Heart healthy food is on the grill

Published 1:54 pm Friday, May 16, 2014

Emily Schmidt

Emily Schmidt

Dietician’s Digest by Emily Schmidt

Grilling food outdoors is a wonderful joy of summertime. I would bet many Minnesotans especially appreciate barbecuing because though our summer days are long our summer season is short. Of course, grilling your food outdoors during the winter is very possible; it just happens to be much more pleasant when the weather is warm and sunny. 0516.myplate

While the traditional barbecue foods — hamburgers, steak, brats and hot dogs — may make your belly happy, the same can’t be said for your heart.

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Take a look at the average barbecue meal. I’m thinking a hamburger and hot dog — because, sometimes, how can you choose? — complete with all of the fixings: potato salad, chips, baked beans and tasty beverages. You tend to see a lot of saturated fat (the artery-clogging type), carbohydrates, sodium and calories. That’s not to say there’s anything wrong with these foods — everything in moderation after all — but if you’re the type of person who is grilling nearly all of their summer meals outdoors, it might be a good idea to switch things up.

For instance, perhaps one night grill the traditional hamburger meal, but the next experiment with grilling fish and some vegetable kabobs. If you have heart disease, diabetes, obesity or other health conditions, your body will thank you. If you don’t have any of these conditions, you’re taking a great step in preventing them from happening.

Here are some tips based on recommendations from the American Heart Association for a healthier spin on outdoor grilling:

• Try your hand at grilling fish. Fish contains unsaturated fat, the kind that your heart prefers, and many types are high in heart-healthy omega-3 fatty acids. Salmon, trout and herring are some of the best sources of omega-3s. Get creative with seasoning: try basil, dry mustard, lemon juice, oregano, thyme or a combination of various herbs and spices.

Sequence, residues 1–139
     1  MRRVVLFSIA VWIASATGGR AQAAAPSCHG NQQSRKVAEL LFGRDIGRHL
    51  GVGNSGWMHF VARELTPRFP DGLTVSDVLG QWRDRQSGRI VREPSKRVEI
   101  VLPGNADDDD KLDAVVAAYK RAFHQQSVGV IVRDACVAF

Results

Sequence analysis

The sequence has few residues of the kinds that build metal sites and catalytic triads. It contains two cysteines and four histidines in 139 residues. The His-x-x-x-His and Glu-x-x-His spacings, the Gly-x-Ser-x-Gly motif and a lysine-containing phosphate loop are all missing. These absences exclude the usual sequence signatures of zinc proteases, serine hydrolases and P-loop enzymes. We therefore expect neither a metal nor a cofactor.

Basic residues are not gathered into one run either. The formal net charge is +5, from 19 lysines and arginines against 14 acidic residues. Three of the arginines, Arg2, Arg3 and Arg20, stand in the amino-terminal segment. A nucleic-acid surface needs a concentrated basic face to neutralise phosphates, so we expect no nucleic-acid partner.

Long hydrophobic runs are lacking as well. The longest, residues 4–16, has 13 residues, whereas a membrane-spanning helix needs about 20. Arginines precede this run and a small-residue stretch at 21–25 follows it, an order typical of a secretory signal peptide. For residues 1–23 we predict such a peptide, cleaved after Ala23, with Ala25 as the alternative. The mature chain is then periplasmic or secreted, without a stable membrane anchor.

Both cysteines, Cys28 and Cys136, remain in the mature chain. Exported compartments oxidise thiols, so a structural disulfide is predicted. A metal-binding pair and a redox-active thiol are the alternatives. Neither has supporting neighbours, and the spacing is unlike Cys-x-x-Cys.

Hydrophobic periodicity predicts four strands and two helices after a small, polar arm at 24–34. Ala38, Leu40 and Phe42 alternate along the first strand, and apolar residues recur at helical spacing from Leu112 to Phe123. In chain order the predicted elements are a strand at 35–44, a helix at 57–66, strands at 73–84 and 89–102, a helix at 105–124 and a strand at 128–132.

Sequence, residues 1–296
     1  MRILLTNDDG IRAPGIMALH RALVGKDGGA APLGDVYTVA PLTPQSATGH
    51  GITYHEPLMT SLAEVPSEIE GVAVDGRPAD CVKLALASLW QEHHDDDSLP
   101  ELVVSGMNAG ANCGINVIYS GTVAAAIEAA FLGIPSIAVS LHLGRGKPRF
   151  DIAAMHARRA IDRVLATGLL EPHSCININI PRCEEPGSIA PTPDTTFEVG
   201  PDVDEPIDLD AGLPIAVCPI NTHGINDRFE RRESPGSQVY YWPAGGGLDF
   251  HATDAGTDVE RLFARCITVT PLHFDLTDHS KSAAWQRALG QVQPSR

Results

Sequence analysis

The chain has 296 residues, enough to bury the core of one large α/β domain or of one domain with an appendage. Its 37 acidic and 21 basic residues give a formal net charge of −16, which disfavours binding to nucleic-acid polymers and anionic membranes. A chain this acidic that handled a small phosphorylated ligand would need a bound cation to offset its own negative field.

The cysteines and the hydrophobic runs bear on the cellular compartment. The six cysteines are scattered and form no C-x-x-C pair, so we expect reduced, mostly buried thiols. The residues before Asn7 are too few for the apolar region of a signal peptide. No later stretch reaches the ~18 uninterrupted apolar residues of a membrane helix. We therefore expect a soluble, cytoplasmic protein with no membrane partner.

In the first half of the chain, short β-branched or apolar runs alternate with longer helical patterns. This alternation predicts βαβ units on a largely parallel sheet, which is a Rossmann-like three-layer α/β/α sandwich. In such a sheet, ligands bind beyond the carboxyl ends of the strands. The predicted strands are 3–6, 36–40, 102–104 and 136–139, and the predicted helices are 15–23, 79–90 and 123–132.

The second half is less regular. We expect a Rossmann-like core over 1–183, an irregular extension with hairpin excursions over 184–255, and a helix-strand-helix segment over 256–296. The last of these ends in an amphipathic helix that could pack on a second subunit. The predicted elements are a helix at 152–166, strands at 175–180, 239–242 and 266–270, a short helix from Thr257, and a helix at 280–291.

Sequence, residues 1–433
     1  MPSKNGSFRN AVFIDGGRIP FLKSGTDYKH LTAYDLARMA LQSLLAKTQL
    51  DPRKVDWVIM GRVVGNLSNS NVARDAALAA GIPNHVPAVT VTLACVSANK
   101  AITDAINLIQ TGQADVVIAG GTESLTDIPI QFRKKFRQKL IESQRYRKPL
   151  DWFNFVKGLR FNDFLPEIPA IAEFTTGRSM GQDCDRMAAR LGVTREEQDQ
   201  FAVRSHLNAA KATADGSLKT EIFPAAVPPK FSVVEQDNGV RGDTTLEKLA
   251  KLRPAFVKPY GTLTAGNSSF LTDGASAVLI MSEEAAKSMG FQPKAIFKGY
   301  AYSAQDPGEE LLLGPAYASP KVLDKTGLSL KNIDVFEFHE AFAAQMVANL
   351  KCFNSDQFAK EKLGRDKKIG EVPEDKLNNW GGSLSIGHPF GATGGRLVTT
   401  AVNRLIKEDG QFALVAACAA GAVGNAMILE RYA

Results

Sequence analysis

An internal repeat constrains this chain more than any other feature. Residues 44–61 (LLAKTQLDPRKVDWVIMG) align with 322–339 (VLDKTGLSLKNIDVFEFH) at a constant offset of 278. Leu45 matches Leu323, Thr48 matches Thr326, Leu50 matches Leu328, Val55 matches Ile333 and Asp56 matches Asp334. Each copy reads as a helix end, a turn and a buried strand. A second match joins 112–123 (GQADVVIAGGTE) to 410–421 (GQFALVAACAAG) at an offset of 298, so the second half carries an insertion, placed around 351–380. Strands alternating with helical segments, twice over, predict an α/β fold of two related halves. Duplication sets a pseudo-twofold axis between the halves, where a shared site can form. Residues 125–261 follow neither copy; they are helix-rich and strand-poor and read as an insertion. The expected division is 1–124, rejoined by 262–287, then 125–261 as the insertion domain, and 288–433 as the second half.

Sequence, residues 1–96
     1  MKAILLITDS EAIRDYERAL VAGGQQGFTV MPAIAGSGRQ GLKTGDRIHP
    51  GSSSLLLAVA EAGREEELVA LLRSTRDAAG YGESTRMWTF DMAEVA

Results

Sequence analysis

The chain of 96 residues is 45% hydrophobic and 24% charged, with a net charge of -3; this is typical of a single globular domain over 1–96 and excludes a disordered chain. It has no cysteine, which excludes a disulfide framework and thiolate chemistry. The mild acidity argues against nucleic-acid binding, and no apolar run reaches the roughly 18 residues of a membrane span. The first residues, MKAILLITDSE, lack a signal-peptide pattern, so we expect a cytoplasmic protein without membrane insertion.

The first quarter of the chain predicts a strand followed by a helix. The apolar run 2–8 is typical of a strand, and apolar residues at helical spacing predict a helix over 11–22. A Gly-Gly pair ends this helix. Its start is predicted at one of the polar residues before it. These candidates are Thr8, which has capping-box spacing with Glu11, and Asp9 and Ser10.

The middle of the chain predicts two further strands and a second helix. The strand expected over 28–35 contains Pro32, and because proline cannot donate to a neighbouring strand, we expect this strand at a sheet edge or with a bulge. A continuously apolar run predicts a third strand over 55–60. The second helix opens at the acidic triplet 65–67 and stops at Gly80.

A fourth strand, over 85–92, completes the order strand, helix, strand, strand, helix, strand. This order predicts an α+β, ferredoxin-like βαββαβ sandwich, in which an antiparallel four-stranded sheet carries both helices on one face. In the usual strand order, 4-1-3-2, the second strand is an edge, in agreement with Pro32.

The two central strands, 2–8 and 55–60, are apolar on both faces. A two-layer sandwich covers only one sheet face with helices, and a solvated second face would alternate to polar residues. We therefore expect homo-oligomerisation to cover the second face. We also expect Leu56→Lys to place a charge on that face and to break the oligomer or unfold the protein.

• Go for skinless chicken breasts. This is another great way to cut back on saturated fat. Experiment with garlic, rosemary, parsley, tarragon or other herbs and spices or simply go with some good-old barbecue sauce. Try making burgers with ground turkey or chicken, and add some diced onions to the meat for extra flavor.

• Choose your cuts of meat wisely. For the healthiest cuts of red meat or pork, look for the words “loin,” “sirloin” or “round.” Instead of “prime” for beef, look for “choice” or “select.” Keep in mind that the American Heart Association also recommends no more than six ounces of meat or fish daily. That’s about the size of two decks of cards for the entire day.

• Use a rack, so that the fat drips away from the meat.

Besides using the above tips, also take the MyPlate guidelines into consideration when planning your barbecues. MyPlate, a nutrition guideline from the United States Department of Agriculture, recommends one-quarter of your plate as your protein source, one-quarter a starch or whole grain, and the other half fruits and non-starchy vegetables. A three-ounce chicken breast, one-cup portion of grilled potatoes, a generous portion of grilled asparagus, and a dessert of grilled pineapple would be a perfect example. Get creative with grilling fruits and vegetables — they are low-calorie, high-fiber and antioxidant-rich choices that will bring your meal a few notches up in health.


Albert Lea resident Emily Schmidt is a registered dietitian at Mayo Clinic Health System in Albert Lea. She grew up in Rose Creek and enjoys cooking, reading and spending time outdoors with family.